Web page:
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Reflections on a less than stellar Nanowrimo month

This entry is part 12 of 20 in the series Nanowrimo

There is something about Thanksgiving that seems to confirm the season’s turning. Perhaps it’s because I live in Houston in a wet, tropical-like climate rather than in a place where the leaves turning signifies the change in landscape, both inner and outer. Coming out of the Thanksgiving, my thoughts turn to the holidays and, of course, the impending new year. With that comes reflection and an accompanying jockeying for position by all the projects and to-dos that inhabit my mind and demand attention. Have I mentioned that I’m way behind on a couple of important projects? Where’s the new website, my internal critic asks? What about the promotional copy for the various outlets? How about the indexing for travel book? (Not to worry, that one’s held up by the production editor, I say.) Well, then, there’s the final revision for the new teen book that’s due in January…and a little matter of its cover. And aren’t we working on something called NaNoWriMo? he asks. And don’t forget those fifty pages to be ready by mid-January for the week-long conference in February with that agent-fella. Yes, yes, yes, I say with a deep sigh.

I do hate those pesky internal censors. Life would be so much easier if they weren’t worrying me with constant irritations. But I guess they serve their purpose. They do get me moving. Like today, when I had to finish up the answers to the copy editor’s questions and fax them back to the production editor. One more to-do crossed off the ever-lengthening list. And before I had to make a mad dash to the ER with my dad in tow Wednesday, I was able to get a rough blog version of the TeensTakeAction.com created and the copy for my page at allstarscribes.com started. And then there’s NaNoWriMo.

There’s one more day left in this year’s NaNoWriMo and I can tell you I won’t have that novel finished. But that’s okay because the contest served its purpose anyway. I did find a novel to work on and I did use that novel when I attended Donald Maass’s workshop earlier this month. I returned with a much larger book in concept and the realization that the pages I had written would now serve as background for me and not for the book. The story is larger, grander, and certainly not on the same scale as I had originally envisioned. So, rule #1 in doing the NaNoWriMo is that you don’t also attend any writing workshops that may change your novel’s path. I suppose I could have continued on and incorporated some of the changes or simply restart the story, but I also came back totally exhausted mentally and creatively from the workshop. It took a bit to get back in gear. With the crush of deadlines and the second run to ER in a month, my hopes dwindled over the weekend and I just let this year’s idea of accomplishing the 50,000 words die. I have too many other deadlines crushing forward and demanding my attention to really give the kind of attention needed to finish the contest with a good run. My meager wordcount will have to prevail this year.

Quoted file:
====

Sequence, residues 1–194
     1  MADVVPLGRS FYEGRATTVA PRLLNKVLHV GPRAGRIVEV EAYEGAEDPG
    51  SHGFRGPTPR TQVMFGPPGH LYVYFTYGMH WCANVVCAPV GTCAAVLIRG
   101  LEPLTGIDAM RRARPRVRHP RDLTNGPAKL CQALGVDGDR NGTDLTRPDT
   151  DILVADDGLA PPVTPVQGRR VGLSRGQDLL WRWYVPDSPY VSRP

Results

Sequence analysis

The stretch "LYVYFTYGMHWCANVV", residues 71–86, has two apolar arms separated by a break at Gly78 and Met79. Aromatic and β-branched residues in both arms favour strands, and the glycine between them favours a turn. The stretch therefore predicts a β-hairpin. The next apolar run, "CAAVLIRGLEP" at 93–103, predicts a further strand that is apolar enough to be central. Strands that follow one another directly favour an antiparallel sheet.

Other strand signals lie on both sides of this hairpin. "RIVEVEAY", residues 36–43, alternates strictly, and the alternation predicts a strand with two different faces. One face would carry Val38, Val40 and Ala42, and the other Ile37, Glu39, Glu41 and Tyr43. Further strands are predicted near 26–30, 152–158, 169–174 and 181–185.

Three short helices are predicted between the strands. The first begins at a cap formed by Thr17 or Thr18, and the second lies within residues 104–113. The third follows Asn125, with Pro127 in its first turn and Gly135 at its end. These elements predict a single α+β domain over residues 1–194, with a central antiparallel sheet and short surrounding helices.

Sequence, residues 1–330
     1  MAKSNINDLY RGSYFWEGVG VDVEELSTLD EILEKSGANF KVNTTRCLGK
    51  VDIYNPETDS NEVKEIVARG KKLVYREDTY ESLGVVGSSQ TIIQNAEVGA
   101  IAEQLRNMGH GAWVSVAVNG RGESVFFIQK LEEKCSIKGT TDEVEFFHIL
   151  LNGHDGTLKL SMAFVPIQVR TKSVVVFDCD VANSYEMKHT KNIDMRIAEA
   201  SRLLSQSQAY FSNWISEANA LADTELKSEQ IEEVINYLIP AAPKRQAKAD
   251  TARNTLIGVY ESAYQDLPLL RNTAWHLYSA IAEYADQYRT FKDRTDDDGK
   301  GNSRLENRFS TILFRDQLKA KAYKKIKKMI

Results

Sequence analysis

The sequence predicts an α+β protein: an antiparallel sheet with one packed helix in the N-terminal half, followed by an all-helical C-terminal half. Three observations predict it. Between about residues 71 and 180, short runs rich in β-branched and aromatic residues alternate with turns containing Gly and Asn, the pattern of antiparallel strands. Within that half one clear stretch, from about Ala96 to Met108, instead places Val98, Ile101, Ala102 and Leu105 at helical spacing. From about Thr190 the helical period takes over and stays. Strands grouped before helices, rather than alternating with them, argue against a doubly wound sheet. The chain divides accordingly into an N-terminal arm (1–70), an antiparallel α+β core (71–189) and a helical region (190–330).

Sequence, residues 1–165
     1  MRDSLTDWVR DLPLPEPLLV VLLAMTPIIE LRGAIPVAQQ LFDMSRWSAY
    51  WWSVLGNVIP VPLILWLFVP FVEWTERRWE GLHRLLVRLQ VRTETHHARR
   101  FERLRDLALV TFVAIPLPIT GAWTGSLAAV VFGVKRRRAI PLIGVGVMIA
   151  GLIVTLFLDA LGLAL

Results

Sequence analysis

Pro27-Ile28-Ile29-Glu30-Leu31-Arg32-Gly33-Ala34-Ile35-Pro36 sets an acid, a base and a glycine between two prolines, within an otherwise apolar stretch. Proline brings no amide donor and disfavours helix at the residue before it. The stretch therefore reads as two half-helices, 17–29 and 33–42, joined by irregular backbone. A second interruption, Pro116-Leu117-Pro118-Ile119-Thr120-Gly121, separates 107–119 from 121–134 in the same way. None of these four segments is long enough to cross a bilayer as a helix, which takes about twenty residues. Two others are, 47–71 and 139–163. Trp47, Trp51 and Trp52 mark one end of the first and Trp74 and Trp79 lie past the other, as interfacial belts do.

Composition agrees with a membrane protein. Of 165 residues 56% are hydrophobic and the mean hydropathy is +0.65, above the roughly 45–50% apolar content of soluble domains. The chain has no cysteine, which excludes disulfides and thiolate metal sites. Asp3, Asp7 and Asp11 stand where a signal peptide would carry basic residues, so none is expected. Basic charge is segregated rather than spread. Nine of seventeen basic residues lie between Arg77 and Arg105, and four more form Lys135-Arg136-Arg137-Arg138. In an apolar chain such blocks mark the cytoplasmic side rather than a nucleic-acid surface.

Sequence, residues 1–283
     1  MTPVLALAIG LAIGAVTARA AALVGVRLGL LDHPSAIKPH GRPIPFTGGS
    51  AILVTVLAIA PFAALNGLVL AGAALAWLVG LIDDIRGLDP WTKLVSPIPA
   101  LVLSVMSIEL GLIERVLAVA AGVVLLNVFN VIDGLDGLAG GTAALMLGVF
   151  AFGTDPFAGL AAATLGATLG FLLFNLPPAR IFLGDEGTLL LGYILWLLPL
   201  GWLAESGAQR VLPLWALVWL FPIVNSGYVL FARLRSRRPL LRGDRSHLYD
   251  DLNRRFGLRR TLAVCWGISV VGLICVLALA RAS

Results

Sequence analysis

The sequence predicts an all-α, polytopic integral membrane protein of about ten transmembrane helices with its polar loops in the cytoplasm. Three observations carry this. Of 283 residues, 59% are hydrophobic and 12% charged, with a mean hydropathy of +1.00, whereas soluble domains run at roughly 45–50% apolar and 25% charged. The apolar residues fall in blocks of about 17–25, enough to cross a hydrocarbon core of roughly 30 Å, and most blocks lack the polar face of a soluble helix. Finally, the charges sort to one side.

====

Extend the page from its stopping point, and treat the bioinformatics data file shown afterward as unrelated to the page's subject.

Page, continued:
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Series NavigationIt’s November: It’s NaNoWriMo time.
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